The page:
Business marketing is being used and abused, especially in the freelance sphere right now. It’s like jumping a minefield of courses that cry out to have the magic eight ball of marketing futures ready to show you a bright future.
There’s a lot of pressure to work to a formula. So much so that when you seek to find the baseline, you may unwittingly find yourself simply repeating what others do. Your business and creative ideas are meant to stand out. That’s what gets you audience and autonomy in the long run.
Here’s how to make sure your business stays original in a world enamoured with beige and make your business marketing stand out for reals, yo
Solve a problem
A lot of people get into business because they want independence. They don’t want to work for someone else and they want to explore ideas. They see a market fit and then start a business. Or they enjoy a certain level of skill that lends itself to making money.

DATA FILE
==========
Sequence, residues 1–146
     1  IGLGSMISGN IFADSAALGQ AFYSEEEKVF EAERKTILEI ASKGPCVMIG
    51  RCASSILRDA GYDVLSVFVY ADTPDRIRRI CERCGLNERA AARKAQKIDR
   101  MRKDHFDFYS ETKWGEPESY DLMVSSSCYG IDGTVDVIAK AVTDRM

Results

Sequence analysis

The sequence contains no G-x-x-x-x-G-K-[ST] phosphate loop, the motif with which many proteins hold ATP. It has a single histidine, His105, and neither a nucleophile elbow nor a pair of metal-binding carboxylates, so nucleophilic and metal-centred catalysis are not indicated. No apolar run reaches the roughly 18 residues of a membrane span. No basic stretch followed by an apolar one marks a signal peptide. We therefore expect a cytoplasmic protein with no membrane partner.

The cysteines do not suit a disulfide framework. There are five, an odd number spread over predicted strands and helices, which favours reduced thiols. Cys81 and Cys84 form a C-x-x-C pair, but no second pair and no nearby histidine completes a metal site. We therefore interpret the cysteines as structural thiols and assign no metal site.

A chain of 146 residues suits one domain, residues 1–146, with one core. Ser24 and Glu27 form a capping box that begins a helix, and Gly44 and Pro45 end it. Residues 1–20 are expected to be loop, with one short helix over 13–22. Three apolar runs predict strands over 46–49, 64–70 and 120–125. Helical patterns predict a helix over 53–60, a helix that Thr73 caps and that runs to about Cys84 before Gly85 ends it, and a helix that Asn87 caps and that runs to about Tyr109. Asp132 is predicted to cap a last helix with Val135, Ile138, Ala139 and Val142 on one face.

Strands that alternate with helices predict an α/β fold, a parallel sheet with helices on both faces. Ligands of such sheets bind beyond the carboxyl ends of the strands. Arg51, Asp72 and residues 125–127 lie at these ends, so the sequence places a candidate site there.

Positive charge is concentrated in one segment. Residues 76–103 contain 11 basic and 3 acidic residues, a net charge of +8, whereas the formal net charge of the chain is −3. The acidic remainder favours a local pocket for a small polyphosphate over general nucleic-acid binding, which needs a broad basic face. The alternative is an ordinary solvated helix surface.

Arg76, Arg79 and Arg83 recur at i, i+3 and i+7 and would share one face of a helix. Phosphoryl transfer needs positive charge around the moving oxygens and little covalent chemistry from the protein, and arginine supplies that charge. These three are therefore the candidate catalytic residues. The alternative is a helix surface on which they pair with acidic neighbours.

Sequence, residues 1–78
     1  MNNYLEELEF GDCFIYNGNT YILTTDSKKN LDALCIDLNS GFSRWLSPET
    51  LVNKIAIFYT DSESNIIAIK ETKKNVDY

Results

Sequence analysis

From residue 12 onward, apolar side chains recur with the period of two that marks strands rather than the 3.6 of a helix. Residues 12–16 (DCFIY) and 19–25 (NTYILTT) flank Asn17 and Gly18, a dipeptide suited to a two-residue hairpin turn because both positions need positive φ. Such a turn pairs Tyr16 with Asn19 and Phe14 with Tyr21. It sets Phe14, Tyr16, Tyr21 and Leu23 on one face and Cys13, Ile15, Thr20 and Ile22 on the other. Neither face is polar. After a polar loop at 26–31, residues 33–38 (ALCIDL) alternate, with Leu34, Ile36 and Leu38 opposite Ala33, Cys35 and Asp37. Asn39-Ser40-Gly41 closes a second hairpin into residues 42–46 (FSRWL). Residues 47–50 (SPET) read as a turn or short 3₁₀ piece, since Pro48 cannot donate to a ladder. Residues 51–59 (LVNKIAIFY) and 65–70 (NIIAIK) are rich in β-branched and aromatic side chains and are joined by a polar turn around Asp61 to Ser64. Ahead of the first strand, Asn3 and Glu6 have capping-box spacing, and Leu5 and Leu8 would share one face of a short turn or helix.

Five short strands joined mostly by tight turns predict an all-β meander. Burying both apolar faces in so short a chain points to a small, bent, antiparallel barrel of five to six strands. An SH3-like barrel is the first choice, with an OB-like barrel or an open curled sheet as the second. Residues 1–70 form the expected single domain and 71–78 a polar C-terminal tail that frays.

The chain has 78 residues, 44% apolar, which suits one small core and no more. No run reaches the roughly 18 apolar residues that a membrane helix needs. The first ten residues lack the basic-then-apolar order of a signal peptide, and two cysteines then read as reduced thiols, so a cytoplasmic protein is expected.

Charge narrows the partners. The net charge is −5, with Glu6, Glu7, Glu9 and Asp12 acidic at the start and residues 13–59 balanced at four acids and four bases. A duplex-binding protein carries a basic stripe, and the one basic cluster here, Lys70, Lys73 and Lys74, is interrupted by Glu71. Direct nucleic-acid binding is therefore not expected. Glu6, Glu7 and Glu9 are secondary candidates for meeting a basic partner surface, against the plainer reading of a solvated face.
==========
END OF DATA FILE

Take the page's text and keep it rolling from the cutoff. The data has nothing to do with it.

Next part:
This is fine to a point, but it won’t get you where you need to go completely.
You must solve a problem.
That doesn’t mean you have to climb into tights and start saving the world. A problem-solving exercise might be to streamline a process, satiate a sweet tooth or make someone feel grand. It’s that you are thinking more of the customer and what they need as opposed to how you fit into the scheme of things.
Think about what you do that the others don’t and tell the world. Share that message consistently and openly. Make the centre of your business marketing to be associated with the problem you solve for your customers.
Be selfish when it’s required